May 2014, Part 4

Jim Miller on Politics

Pseudo-Random Thoughts

The Contradictory Names Of Obama's Press Secretaries:   Many have noticed that the latest, Josh Earnest, has a contradictory name, that you can josh, or be earnest, but not both at the same time.

The same, if you know some old slang, is true of Jay Carney, the man he replaced.  The word "carney" is often used as slang for a carnival worker, and since those workers do not have a reputation for honest dealing, by extension for someone who will try to con the naive.   According to my old Dictionary of American Slang, in Florida a "jay" was (and perhaps still is): "1 A stupid, inexperienced person, usu. with a rural or small-town background.   Since c1900.  2  An easy victim, one who is easy to dupe."

So Jay Carney is simultaneously an easy victim, and a con-man.

Those names seem almost intentionally symbolic, don't they?

(For quibblers:  Yes, con-men can be easy marks for other con-men.  So a man could be both a jay and a carney — but not at the same time.)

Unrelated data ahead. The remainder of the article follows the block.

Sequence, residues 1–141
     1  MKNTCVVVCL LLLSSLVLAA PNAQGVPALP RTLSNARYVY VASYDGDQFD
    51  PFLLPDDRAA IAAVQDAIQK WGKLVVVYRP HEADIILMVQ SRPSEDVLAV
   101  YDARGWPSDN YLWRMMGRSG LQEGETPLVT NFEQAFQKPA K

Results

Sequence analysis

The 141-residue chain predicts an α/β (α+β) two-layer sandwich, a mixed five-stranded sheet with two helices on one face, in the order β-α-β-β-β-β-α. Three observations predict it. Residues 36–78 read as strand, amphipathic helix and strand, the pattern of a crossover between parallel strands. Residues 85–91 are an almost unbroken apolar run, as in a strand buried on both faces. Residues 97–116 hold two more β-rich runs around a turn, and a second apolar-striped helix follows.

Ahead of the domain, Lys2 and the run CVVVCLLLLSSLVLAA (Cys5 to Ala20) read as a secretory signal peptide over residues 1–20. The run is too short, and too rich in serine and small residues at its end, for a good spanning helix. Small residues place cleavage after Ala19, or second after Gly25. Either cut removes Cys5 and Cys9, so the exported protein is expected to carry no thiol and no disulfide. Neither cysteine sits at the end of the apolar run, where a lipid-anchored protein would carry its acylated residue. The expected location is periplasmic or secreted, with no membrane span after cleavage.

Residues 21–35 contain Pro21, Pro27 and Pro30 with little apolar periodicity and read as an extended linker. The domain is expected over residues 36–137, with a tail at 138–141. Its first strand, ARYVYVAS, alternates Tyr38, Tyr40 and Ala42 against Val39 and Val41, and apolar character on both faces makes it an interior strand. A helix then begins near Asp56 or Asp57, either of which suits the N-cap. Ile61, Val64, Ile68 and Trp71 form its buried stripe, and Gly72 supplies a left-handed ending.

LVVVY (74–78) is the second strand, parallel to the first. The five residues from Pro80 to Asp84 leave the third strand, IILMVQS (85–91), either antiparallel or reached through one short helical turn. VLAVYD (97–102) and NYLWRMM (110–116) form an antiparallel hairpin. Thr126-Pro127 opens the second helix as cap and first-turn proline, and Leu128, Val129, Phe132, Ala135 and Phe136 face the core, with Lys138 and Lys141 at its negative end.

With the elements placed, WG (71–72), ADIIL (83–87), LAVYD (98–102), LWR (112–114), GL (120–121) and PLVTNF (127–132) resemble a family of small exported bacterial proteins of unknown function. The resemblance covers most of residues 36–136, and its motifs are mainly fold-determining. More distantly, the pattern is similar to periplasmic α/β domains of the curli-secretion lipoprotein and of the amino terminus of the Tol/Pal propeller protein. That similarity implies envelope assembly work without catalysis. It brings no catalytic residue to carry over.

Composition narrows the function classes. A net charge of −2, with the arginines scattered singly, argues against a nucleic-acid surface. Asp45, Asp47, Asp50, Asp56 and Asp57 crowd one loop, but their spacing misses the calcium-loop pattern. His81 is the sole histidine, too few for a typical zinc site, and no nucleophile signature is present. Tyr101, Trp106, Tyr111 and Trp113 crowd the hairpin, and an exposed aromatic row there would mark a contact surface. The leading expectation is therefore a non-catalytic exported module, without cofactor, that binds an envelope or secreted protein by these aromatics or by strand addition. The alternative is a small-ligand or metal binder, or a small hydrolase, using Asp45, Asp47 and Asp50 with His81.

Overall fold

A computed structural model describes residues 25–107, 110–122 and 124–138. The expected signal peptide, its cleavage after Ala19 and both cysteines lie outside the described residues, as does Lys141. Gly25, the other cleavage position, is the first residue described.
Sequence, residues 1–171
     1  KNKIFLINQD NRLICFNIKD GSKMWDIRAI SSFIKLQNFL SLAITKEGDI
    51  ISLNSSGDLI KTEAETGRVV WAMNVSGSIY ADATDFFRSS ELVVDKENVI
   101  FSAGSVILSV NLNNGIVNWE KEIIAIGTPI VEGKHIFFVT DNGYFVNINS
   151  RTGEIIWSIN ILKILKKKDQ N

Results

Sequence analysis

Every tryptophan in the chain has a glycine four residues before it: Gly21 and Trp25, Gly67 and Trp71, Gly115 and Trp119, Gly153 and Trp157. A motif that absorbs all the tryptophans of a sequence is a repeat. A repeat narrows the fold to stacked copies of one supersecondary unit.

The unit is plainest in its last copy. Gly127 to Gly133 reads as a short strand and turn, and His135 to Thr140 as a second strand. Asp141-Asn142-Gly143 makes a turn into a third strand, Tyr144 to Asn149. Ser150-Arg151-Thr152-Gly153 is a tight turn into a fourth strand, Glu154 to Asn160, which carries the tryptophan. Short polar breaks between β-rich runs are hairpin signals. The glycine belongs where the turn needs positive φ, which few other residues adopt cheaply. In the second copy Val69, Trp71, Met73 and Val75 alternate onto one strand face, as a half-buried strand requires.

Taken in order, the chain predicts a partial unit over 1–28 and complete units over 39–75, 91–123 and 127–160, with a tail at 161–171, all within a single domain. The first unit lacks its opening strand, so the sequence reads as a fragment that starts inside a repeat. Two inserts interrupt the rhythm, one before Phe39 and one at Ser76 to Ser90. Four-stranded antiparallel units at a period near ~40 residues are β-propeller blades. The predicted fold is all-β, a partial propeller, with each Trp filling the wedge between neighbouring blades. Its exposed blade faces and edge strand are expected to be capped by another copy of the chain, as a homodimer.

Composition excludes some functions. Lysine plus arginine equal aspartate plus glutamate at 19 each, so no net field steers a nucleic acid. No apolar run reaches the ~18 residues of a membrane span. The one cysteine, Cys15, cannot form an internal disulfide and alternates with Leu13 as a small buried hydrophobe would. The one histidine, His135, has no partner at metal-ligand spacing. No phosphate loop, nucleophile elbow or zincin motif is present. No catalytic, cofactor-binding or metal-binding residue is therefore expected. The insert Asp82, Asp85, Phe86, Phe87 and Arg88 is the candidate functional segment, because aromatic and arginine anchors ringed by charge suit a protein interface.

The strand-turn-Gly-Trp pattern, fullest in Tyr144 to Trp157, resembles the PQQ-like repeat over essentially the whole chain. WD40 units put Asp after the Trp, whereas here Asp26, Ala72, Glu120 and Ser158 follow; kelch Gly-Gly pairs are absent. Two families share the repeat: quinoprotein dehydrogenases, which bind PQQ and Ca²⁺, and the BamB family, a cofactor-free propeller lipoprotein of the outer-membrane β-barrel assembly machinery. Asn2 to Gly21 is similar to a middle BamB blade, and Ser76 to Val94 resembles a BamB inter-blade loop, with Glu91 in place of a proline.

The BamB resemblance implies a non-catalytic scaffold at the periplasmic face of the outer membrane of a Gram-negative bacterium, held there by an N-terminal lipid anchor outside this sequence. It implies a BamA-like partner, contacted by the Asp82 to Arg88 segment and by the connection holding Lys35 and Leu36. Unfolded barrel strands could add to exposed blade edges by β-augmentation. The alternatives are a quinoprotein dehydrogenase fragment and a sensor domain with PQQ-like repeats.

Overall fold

- 7:41 AM, 31 May 2014   [link]

We Can Thank The Lancet for this increase in measles.
Two hundred and eighty-eight cases of measles were reported to the Centers for Disease Control and Prevention (CDC) in the United States between Jan. 1 and May 23, 2014.  This is the largest number of measles cases in the United States reported in the first five months of a year since 1994.  Nearly all of the measles cases this year have been associated with international travel by unvaccinated people.

“The current increase in measles cases is being driven by unvaccinated people, primarily U.S. residents, who got measles in other countries, brought the virus back to the United States and spread to others in communities where many people are not vaccinated,” said Dr. Anne Schuchat, assistant surgeon general and director of CDC’s National Center for Immunizations and Respiratory Diseases.  “Many of the clusters in the U.S. began following travel to the Philippines where a large outbreak has been occurring since October 2013.”

Of the 288 cases, 280 (97 percent) were associated with importations from at least 18 countries.  More than one in seven cases has led to hospitalization.  Ninety percent of all measles cases in the United States were in people who were not vaccinated or whose vaccination status was unknown.  Among the U.S. residents who were not vaccinated, 85 percent were religious, philosophical or personal reasons.
(And, to be fair, increased international travel.)